The Robson technology aims to extend battery life, accelerate system boot-up and provide user-visible responsiveness, said vice president of Intel's mobility group and general manager of the mobile platforms group Shmuel (Mooly) Iden. The Robson platform technology is curently under development.
Intel's new Robson cache technology ensured an almost immediate start-up of a Centrino-based notebook PC during a live demonstration at the Intel Developer Forum in here Monday.
The laptop with Robson also opened Adobe Reader in 0.4 seconds, while the other notebook required 5.4 seconds. It opened Quicken in 2.9 seconds, while the laptop without Robson technology needed 8 seconds to do the job.
The secret behind the Robson nonvolatile cache technology is NAND flash memory. Instead of booting from the hard drive, a laptop using Robson would turn to standard NAND flash memory instead. The difference saves time and battery power, according to Intel. The laptop used in the demonstration contained 128MB NAND.
Intel spoksmen did not confirm that Robson will add another deep sleep mode, with even less power consumption compared to Yonah's new enhanced deeper sleep mode, but agreed that using non-volatile memory cache potentially opens more opportunities for power saving through, for example, transferring content of CPU registers out of a processor. More technical details about Robson will be disclosed at IDF Spring.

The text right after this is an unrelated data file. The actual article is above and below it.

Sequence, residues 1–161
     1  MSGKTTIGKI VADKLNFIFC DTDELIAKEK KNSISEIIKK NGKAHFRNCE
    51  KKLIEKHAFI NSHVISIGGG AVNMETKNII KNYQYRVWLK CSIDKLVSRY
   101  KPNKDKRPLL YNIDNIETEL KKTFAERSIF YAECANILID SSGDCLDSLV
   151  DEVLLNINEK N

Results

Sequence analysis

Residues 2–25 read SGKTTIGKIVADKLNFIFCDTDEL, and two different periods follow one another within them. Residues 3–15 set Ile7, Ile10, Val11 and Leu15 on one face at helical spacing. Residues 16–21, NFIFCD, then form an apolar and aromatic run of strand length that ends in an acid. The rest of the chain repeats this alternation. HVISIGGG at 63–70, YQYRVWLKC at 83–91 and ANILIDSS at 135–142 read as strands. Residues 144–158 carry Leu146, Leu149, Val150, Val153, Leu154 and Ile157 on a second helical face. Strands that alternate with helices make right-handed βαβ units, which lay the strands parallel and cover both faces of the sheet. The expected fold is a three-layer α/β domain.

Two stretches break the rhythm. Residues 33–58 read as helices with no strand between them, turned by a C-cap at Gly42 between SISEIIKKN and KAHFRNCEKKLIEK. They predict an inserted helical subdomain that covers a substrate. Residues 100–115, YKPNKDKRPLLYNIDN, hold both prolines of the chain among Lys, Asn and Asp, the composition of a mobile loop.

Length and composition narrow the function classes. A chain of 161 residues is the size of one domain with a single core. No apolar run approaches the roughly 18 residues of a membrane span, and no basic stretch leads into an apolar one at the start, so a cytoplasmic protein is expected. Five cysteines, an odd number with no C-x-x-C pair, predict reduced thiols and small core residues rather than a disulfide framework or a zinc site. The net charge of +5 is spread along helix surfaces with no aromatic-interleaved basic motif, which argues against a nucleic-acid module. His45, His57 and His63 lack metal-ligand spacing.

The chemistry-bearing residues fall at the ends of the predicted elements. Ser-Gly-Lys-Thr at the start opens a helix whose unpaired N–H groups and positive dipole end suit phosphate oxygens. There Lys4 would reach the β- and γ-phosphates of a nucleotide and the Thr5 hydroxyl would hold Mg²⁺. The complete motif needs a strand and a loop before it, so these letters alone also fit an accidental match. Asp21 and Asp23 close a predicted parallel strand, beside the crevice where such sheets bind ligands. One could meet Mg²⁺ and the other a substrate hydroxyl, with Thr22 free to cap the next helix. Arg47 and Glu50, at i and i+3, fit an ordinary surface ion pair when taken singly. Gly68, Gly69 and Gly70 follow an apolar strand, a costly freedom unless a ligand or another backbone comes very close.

Intel also gave details about the Merom CPU, announced by Intel in August this year at IDF Fall in San Francisco. Compared to Yonah, the 65nm CPU will have a larger level-two cache and will contain some micro-architecture innovations, according to Intel. One of these innovations will be a higher performance 4-issue out-of-order engine with deeper buffers and a pipeline extended to 14 stages. Another promised features include more power efficiency, direct L1-to-L1 cache transfer and improved memory access. Merom is also claimed to feature some substantial improvements in floating-point unit (FPU) performance.
Intel intends to launch Merom as pin-to-pin compatible with Yonah, Iden mentioned, so Napa systems are expected to be upgradeable through inserting a new processor and a BIOS upgrade.
Announced at IDF Taiwan, preliminary specifications of Yonah are following: 65nm technology, 151 million transistors (12.3 million in cores), 2MB of level-two cache shared between two cores and dynamically allocated, 667MHz front-side bus (FSB), PGA478 or BGA479 socket. In addition to dual-core Yonah and Merom, the company has already started thinking about mobile processors with four and more cores.